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How NOT to Hire a Jerk

October 16, 2013

By: Omnia Group

Whether it’s a Debbie Downer, Nasty Nellie, Mean Merle, or Unpleasant…Ulysses? -negative attitudes (and the employees they belong to) can be toxic to the workplace.

Everyone has worked with someone they didn’t like --that’s totally normal and to be expected. There are some people, though, that gets under everyone's skin and make the workday unbearable.

But come on… is one person really that big a deal?

Well, depending on the situation, it can be a huge deal. A negative personality can derail productivity in an interactive environment, damage a team, and cause extra problems for HR and management. A 2011 paper published in Health Psychology even suggested that unsupportive coworkers can increase employee mortality.  Yup… working with jerks can kill you.


The amount of trouble one person can cause really depends on that person’s contact with others. If you hired a jerk who enters data all day but doesn't talk to anyone, it’s probably not going to matter much. However, a jerk in a position of authority or in a job that involves a lot of collaboration is bad news.

Some people are just bullies. They are loud and mean and rude; they tend to be easy to identify and avoid. Others are more subtle; they do their damage through back-stabbing, slop-stirring, and idea stealing.

One of the most destructive coworkers I have ever had (years ago) did irreparable damage to our close-knit department by finding and photocopying a list of everyone’s salaries then showing it to the people at the bottom of the scale. If you just chatted with her, you wouldn't know what she was capable of. She seemed nice enough, but it became apparent how much she enjoyed causing quiet but genuine drama over time. Her toxicity might not have been so obvious during the selection process.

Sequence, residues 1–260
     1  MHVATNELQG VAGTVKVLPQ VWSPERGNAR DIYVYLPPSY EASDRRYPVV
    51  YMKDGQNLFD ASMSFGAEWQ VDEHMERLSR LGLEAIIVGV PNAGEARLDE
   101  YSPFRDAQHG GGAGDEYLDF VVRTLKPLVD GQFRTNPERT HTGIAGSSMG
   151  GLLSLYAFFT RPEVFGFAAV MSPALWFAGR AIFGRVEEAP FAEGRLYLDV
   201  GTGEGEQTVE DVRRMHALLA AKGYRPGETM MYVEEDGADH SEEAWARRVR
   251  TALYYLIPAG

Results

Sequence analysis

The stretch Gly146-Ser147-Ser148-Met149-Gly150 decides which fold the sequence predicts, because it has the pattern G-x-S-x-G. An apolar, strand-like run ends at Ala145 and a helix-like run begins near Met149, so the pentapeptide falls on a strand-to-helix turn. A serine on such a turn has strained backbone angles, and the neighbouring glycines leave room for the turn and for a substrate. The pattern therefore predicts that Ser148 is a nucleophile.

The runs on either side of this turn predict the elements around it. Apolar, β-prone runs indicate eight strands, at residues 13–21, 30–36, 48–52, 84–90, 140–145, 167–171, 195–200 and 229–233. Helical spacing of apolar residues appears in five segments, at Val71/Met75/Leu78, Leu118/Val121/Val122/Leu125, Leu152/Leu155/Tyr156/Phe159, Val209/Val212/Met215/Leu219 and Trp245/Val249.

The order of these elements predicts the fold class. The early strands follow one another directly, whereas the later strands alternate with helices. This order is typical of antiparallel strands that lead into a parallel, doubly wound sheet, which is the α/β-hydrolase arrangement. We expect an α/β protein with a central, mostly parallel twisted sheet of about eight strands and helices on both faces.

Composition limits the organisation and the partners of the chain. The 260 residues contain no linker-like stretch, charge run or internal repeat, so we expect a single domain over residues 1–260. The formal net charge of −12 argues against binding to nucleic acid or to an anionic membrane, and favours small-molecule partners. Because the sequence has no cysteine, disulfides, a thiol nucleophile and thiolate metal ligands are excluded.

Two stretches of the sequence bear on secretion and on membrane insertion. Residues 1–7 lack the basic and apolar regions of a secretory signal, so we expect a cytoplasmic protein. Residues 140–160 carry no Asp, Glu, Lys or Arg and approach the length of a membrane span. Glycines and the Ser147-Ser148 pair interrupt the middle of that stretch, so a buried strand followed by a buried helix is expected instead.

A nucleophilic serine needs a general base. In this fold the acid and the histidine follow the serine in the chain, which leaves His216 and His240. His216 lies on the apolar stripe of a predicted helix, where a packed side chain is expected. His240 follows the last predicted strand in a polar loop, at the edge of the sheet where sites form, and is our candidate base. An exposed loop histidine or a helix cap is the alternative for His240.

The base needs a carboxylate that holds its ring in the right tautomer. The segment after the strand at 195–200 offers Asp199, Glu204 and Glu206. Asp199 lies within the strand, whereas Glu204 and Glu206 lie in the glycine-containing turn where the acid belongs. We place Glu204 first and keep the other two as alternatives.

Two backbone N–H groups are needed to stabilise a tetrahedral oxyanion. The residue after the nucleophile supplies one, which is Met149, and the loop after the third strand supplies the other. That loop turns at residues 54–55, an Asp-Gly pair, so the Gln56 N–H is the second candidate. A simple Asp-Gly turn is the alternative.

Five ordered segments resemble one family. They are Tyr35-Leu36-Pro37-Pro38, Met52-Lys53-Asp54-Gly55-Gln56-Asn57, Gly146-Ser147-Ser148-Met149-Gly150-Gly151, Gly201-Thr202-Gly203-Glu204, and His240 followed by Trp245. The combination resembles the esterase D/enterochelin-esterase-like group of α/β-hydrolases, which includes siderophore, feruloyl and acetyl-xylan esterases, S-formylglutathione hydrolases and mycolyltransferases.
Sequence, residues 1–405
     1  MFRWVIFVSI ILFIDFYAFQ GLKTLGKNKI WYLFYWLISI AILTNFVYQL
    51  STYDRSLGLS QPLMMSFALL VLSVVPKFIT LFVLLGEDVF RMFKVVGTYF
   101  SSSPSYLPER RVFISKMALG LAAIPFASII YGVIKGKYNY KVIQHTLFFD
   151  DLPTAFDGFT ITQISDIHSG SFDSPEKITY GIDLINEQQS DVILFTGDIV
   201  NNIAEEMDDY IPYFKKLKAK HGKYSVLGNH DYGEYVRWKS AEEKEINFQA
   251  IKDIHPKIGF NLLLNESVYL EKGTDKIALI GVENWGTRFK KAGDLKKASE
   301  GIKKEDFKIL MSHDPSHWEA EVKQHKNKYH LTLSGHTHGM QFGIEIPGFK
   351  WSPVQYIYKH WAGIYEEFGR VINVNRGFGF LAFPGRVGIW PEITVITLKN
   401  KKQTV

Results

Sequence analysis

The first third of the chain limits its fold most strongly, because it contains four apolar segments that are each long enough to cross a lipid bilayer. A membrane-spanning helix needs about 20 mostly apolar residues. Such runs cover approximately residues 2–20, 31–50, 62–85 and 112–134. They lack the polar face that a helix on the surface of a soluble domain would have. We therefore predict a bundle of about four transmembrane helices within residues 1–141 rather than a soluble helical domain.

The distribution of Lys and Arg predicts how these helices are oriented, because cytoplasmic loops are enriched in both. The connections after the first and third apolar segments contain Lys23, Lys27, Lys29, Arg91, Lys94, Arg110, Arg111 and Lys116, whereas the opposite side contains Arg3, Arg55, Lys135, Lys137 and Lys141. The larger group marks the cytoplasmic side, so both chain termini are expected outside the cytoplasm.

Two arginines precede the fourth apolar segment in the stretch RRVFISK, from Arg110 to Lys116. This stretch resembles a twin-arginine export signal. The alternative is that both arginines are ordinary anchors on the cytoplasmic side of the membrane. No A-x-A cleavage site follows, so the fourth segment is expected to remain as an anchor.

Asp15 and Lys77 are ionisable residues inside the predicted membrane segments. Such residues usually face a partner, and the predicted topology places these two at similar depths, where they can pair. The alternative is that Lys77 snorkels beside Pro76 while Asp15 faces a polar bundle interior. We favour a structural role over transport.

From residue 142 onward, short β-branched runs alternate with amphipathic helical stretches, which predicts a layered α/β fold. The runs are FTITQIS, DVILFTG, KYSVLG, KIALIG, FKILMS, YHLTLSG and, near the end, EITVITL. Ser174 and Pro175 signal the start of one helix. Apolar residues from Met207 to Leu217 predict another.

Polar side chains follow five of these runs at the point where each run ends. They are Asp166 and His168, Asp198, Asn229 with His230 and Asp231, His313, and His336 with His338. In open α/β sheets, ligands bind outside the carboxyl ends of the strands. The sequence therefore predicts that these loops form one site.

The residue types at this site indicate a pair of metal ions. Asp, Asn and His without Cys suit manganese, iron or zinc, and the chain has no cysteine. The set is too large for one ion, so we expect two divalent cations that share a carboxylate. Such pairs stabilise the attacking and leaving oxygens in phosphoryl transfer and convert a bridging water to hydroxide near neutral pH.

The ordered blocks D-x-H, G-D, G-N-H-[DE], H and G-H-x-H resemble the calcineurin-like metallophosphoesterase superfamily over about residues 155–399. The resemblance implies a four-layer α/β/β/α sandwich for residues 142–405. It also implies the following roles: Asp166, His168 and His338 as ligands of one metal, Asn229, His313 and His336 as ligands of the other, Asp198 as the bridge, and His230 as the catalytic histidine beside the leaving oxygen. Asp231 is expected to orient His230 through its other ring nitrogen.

Here are a couple of red flag reminders of what to look out for when you don't end up with a jerk!

Before the Interview: A lack of courtesy and professionalism during the phone screen and interactions with your receptionist and office staff. (nip that one in the bud!)

During the Interview:

1. An overall tone of negativity: If the candidate can’t find one good thing to say about any prior employers, duties, or colleagues, you can bet they won’t be able to find anything positive about your work environment… which means they won’t be bringing anything positive to your company.
2. Inappropriate comments or responses: If something strikes you as odd, too aggressive, or just…icky, trust your instincts. Think of it this way: this person is supposed to be bringing his best game to the interview. If the best he has is creeping you out, don’t ignore it.
3. Exaggerated traits, even if they are the ones you want: It’s important not to mistake bad behavior for something positive.  Yeah, you want a bold, competitive salesperson, but you don’t want a pushy thug who will intimidate people and make a bad name for your company.

Other things you can do to avoid hiring a bad egg:

Check references—every time. If the person knows how to behave in an interview, reference checks may be the only way to detect a problem.  Be prepared to read between the lines.  Sometimes people don’t want to talk smack about ex-employees, either because they are too nice or because they don’t want any trouble. A great candidate’s references will generally have tons of nice things to say. A bad candidate’s references may be very noncommittal and keep the conversation short. Don’t be afraid to ask for specifics; the worst they can do is clam up.

effectively hire your next wave of talent

Omnia Group

For over 30 years, we’ve helped organizations across the world improve and optimize their workforce operations and company cultures. While we take a unique, scientific approach to hiring, development and retention, we also believe every business is a people business. Our passionate advisors always put people first.

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